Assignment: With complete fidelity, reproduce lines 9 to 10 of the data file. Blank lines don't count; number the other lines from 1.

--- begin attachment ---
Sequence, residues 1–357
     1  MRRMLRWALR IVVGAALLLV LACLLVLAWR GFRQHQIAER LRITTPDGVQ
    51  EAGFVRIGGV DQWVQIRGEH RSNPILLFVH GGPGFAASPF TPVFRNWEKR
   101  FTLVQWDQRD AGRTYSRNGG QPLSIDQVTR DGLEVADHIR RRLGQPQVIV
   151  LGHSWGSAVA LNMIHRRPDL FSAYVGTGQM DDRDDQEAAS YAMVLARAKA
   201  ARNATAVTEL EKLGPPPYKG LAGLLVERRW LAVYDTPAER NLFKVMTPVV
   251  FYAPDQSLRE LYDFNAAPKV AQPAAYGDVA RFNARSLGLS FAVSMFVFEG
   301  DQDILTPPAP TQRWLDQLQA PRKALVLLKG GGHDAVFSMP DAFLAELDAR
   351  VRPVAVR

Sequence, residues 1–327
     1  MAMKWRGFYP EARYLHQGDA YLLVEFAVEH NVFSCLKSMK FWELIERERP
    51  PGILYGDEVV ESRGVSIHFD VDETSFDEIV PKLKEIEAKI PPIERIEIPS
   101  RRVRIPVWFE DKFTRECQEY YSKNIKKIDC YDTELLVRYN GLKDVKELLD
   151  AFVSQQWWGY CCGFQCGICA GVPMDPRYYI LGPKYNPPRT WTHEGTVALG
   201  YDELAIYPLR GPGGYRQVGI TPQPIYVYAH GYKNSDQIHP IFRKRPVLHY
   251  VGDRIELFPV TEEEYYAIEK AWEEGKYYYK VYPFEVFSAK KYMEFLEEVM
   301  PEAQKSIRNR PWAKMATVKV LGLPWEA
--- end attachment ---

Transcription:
   351  VRPVAVR

Sequence, residues 1–327